Dark circles under the eyes are usually caused by extreme fatigue or chronic sleep deprivation. They may be a symptom of allergies as well. The condition is called allergic shiners. Allergens cause inflammation that expands the tiny blood vessels under the eyes. The congestion of small blood vessels beneath the thin skin of the eyes causes a dark color to appear.

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Loss of sense of smell

Allergens that irritate the nose’s lining may lead to temporary anosmia — the complete loss of sense of smell. This is not a very common symptom of hay fever, unless the allergies are severe. What also may cause anosmia is a cold, sinus infections, or poor air quality.

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Sinus pain

When you inhale pollen, dust, or other particles you are allergic to, the sinuses swell because they are trying to remove the allergens. The sinuses get inflamed when you have allergies, and the sinus cavities may become blocked.

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One of the most common symptoms of allergies is rhinitis, an inflammation of the moist tissue lining the nasal cavity that causes swelling and congestion inside your nose. Swollen mucous membranes reacting to allergens like pollen are often the reason behind a serious case of the sniffles.

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The nose is like a filter for the body, and sneezing is a reflex the body uses to remove tiny bits of blockages in the nostrils. When any small particles like pollen, dust, or anything you are allergic to irritate the nasal lining in the nose, they cause an unpleasant tickling sensation — and you sneeze.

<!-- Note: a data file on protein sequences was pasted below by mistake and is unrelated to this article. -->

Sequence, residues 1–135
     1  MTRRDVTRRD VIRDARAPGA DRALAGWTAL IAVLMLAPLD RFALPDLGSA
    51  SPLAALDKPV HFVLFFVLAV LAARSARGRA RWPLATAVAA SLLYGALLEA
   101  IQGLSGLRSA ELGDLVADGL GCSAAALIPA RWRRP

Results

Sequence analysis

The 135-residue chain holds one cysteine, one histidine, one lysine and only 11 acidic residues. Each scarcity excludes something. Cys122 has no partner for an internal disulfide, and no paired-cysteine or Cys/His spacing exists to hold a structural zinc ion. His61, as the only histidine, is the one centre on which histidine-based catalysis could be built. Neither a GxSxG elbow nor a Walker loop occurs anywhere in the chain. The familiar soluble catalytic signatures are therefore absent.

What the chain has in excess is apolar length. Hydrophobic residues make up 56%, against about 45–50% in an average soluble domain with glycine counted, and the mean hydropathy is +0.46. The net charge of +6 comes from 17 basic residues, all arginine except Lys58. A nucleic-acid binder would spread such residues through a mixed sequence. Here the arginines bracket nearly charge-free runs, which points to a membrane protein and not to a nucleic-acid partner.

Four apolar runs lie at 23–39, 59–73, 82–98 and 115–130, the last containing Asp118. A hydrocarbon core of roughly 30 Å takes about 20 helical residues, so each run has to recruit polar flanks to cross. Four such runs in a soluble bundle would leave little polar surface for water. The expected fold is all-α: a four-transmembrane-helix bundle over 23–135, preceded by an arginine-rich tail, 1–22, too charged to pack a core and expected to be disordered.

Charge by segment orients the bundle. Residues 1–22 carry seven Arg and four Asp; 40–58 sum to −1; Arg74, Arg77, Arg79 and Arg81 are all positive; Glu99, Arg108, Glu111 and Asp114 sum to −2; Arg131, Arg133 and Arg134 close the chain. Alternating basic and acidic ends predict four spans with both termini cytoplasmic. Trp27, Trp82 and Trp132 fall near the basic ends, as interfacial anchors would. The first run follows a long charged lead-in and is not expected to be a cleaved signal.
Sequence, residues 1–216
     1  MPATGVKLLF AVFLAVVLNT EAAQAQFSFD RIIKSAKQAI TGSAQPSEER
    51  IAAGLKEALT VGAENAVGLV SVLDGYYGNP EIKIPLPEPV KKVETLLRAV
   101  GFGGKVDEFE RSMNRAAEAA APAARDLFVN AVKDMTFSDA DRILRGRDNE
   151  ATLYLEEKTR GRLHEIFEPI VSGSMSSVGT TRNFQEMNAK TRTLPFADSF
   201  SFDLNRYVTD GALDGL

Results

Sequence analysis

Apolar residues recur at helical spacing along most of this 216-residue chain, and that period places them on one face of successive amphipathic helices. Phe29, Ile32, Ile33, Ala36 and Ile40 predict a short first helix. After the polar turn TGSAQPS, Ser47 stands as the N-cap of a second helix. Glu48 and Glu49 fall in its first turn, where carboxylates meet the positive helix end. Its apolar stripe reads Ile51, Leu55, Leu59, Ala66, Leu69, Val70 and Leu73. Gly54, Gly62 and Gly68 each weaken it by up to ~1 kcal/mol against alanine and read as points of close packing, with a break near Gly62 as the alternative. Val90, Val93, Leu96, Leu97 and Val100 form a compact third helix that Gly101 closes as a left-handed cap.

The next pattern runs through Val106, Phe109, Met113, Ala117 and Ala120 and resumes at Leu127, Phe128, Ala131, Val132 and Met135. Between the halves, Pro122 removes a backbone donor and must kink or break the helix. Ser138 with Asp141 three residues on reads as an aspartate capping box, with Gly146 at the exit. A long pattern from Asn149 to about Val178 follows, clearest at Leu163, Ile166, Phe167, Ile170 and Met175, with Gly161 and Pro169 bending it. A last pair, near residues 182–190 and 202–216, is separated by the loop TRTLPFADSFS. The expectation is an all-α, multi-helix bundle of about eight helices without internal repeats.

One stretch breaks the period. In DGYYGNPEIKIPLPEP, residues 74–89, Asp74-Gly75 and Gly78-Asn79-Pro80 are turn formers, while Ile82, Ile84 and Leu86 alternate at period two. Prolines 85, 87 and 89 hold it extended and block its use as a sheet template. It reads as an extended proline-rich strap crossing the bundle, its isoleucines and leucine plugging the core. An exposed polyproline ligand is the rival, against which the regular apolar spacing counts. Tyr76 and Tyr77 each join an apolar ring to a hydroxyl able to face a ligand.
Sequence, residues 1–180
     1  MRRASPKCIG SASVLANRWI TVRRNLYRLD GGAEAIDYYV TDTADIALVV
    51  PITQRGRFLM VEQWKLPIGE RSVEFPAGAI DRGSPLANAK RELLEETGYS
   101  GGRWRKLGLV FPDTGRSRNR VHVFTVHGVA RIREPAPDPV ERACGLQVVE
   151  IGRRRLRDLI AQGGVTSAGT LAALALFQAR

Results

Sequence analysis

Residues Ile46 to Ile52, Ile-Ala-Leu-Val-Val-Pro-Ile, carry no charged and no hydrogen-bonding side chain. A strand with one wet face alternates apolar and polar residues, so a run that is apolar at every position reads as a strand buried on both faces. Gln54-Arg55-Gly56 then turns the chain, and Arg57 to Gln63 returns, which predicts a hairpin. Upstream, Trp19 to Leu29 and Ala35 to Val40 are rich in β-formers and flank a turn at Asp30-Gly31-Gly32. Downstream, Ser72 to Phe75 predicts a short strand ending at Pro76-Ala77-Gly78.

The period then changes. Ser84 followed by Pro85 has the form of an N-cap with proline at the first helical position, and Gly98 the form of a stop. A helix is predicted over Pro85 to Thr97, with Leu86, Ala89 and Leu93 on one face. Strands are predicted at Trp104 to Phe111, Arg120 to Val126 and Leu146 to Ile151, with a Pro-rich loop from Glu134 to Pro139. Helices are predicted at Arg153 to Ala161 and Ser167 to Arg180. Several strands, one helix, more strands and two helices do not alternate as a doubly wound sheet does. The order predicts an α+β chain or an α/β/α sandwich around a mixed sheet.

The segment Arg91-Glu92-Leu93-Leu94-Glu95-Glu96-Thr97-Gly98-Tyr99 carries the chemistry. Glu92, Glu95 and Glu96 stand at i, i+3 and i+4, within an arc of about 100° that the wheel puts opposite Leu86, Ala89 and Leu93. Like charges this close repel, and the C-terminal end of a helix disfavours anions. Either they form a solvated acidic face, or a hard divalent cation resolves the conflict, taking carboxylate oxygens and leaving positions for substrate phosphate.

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Coughing is another way for the body to get rid of foreign particles, irritants, and allergens from the throat and lungs. Coughing, by forcing air out of the lungs under high pressure, removes substances that don’t belong in the lungs. Inhaling pollen or anything you’re allergic to causes the lungs to overreact and cough to remove them.

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Watery eyes

The body produces tears to keep the eyes lubricated, as well as to help remove any foreign particles. Sometimes, however, the body produces too many tears, resulting in watery eyes, also called epiphora. Tear over-secretion may be caused by irritation or inflammation of the surface of the eye, which may be caused by allergies.

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Itchy eyes